Here, we provide an effective approach to prepare, acquire, and transplant neonatal cardiac macrophages to promote adult mouse heart regeneration.

Apical resection is a simple and effective operation to stimulate heart regeneration. We have optimized the details of apical resection to ensure the maximum survival rate of the animals involved in the operation10. Anesthesia time should not be longer than 3 minutes, which lead to hypothermia-induced death, or shorter than 2 minutes, which would cause excessive bleeding during the operation. The standard apical resection was supposed to amputate about 1.5 mm diameter of the apex tissue. However, the purpose of the operation here was to stimulate abundant macrophage infiltration during heart regeneration process. Resection of less than 1.5 mm diameter was acceptable as it could guarantee a maximum survival rate and effective macrophage recruitment at the same time. Only the skillfulness of the operator influenced the survival rate, and the operated mice could not survive the prolonged operation duration. The operator should complete the whole procedure within 5 minutes.

In our former study, we found that acute inflammation promoted neonatal heart regeneration. Intramyocardial microinjection of immunogenic zymosan A particles into neonatal mouse heart could promote cardiomyocyte proliferation6. Recently, Molkentin et al. claimed that macrophage infiltration that is stimulated by intracardiac injection of zymosan A, cell debris, and freeze/thaw killed cells can promote cardiac repair, confirming that acute inflammation and macrophages are essential in cardiac repair rather than stem cells differentiating into cardiomyocytes11. Sadek et al.5 reported that macrophages could promote neonatal heart regeneration via angiogenesis. Our recent study revealed that neonatal cardiac macrophage injection could promote adult heart regeneration and increase the ability of adult cardiomyocyte proliferation1,7. Neonatal cardiac macrophage transplantation might be a promising strategy to promote adult mouse heart regeneration. Here we present the protocols to help more researchers on the regenerative application development and explore of heart regeneration mechanisms.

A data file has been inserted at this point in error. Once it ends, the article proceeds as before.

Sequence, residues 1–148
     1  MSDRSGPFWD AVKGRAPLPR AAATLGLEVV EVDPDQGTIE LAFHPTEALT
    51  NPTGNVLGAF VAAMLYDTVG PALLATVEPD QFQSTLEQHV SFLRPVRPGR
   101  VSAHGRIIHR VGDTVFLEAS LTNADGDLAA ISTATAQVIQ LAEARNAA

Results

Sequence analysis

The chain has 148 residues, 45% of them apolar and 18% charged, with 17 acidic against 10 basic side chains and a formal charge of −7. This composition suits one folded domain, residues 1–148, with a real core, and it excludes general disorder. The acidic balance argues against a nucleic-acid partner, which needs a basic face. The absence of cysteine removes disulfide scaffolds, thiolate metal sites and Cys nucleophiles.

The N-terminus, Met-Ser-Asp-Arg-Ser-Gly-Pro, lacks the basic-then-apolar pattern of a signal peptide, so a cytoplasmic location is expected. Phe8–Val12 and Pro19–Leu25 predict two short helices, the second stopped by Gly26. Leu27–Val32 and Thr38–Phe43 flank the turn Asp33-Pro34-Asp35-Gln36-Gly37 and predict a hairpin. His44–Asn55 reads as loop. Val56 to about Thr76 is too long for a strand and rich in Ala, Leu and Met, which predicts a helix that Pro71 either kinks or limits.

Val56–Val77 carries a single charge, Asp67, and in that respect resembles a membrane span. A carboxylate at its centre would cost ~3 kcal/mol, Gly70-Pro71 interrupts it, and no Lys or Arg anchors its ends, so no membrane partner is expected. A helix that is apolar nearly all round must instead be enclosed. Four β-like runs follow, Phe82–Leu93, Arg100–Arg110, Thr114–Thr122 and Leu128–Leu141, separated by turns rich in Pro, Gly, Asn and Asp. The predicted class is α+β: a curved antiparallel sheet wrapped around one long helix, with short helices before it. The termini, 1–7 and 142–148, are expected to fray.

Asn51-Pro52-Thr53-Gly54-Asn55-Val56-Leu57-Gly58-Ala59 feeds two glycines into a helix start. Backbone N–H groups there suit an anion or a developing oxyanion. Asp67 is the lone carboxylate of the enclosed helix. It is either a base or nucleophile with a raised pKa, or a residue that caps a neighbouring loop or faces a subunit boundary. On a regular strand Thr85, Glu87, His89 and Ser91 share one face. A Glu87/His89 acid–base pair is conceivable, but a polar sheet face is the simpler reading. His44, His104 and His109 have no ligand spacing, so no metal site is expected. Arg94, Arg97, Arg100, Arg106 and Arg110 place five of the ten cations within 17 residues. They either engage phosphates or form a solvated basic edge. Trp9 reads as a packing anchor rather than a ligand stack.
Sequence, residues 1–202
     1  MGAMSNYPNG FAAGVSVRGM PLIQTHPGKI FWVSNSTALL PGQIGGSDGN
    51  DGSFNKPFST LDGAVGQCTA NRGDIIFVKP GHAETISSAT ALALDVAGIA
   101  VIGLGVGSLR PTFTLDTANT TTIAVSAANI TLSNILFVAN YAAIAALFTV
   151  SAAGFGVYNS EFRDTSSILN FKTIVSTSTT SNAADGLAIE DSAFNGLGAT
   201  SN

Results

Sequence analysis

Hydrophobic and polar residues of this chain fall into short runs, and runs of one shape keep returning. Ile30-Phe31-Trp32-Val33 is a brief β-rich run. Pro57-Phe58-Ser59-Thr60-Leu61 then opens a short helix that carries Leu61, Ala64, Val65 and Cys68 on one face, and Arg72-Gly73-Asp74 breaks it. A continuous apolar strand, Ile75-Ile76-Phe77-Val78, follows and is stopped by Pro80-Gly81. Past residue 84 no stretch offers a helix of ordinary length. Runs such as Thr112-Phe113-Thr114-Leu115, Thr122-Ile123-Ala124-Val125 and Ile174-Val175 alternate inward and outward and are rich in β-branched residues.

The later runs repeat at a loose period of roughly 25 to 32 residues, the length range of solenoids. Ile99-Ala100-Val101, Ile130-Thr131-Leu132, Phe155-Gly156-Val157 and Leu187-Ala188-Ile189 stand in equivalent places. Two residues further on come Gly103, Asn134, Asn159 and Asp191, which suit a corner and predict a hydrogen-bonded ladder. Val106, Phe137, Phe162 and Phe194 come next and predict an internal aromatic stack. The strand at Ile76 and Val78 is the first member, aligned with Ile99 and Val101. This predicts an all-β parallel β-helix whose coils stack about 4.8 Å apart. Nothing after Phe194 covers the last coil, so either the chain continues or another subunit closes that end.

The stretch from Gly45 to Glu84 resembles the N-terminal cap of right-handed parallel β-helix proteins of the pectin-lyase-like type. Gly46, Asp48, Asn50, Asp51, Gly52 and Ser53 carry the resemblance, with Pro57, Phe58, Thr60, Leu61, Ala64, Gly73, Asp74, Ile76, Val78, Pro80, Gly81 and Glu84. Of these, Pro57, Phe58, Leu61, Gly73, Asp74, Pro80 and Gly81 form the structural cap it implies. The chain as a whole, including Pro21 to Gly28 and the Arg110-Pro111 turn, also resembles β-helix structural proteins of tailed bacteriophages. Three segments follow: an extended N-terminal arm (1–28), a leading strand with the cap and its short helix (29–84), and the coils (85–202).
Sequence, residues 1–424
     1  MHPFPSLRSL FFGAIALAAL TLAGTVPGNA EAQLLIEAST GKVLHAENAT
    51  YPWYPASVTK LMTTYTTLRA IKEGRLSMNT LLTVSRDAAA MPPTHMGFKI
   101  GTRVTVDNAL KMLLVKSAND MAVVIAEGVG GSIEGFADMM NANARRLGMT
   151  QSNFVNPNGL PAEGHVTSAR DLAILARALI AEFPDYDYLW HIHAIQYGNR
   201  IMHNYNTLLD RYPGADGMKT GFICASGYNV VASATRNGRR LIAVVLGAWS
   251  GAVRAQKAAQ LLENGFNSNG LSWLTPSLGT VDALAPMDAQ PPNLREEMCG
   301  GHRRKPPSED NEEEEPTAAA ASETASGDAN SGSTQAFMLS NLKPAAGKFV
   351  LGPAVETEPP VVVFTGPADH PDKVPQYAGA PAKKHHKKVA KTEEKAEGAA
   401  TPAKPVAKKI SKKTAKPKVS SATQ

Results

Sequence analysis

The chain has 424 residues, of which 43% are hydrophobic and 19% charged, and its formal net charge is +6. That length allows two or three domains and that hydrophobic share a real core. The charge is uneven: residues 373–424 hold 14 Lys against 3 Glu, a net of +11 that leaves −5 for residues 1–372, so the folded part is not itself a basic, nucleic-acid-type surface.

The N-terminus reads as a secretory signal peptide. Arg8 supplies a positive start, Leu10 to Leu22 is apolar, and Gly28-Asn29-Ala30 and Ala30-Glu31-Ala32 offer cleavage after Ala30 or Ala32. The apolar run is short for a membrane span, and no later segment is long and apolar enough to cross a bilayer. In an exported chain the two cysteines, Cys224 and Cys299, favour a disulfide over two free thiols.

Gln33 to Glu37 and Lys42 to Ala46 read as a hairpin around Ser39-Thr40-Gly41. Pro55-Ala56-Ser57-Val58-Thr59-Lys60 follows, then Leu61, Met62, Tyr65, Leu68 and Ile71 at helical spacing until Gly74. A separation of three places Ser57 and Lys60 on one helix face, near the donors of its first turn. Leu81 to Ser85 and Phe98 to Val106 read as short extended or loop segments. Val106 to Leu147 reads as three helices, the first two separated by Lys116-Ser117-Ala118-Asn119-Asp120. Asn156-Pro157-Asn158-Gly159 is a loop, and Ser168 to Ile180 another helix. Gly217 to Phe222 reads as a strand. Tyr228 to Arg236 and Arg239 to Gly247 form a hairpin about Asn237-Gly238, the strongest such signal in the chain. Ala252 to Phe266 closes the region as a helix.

No conflicts of interest.

This work was supported by Chinese Academy of Medical Sciences Innovation Fund for Medical Sciences (CIFMS, 2016-I2M-1-015), the National Key Research and Development Project of China (2019YFA0801500), the National Natural Science Foundation of China (NSFC: 81970243, 81770308), Beijing Natural Science Foundation (7172183, 7182140).

Name Company Catalog Number Comments
Anti-mouse alpha actinin Abcam Ab9465
Anti-phospho-Histone H3 Millipore 06-570
Anti-rabbit Aurora B Abcam Ab239837
Anti-rabbit Ki67 Abcam Ab15580
gentleMACS Octo Dissociator Miltenyi Bio Tech, Teterow, Germany N/A
Goat anti-mouse Alexa Fluor 555 Invitrogen A-21137
Goat anti-rabbit Alexa Fluor 488 Invitrogen A-11008
Neonatal Heart Dissociation Kit Miltenyi Bio Tech, Teterow, Germany 130-098-373

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Neonatal Mouse Cardiac Macrophages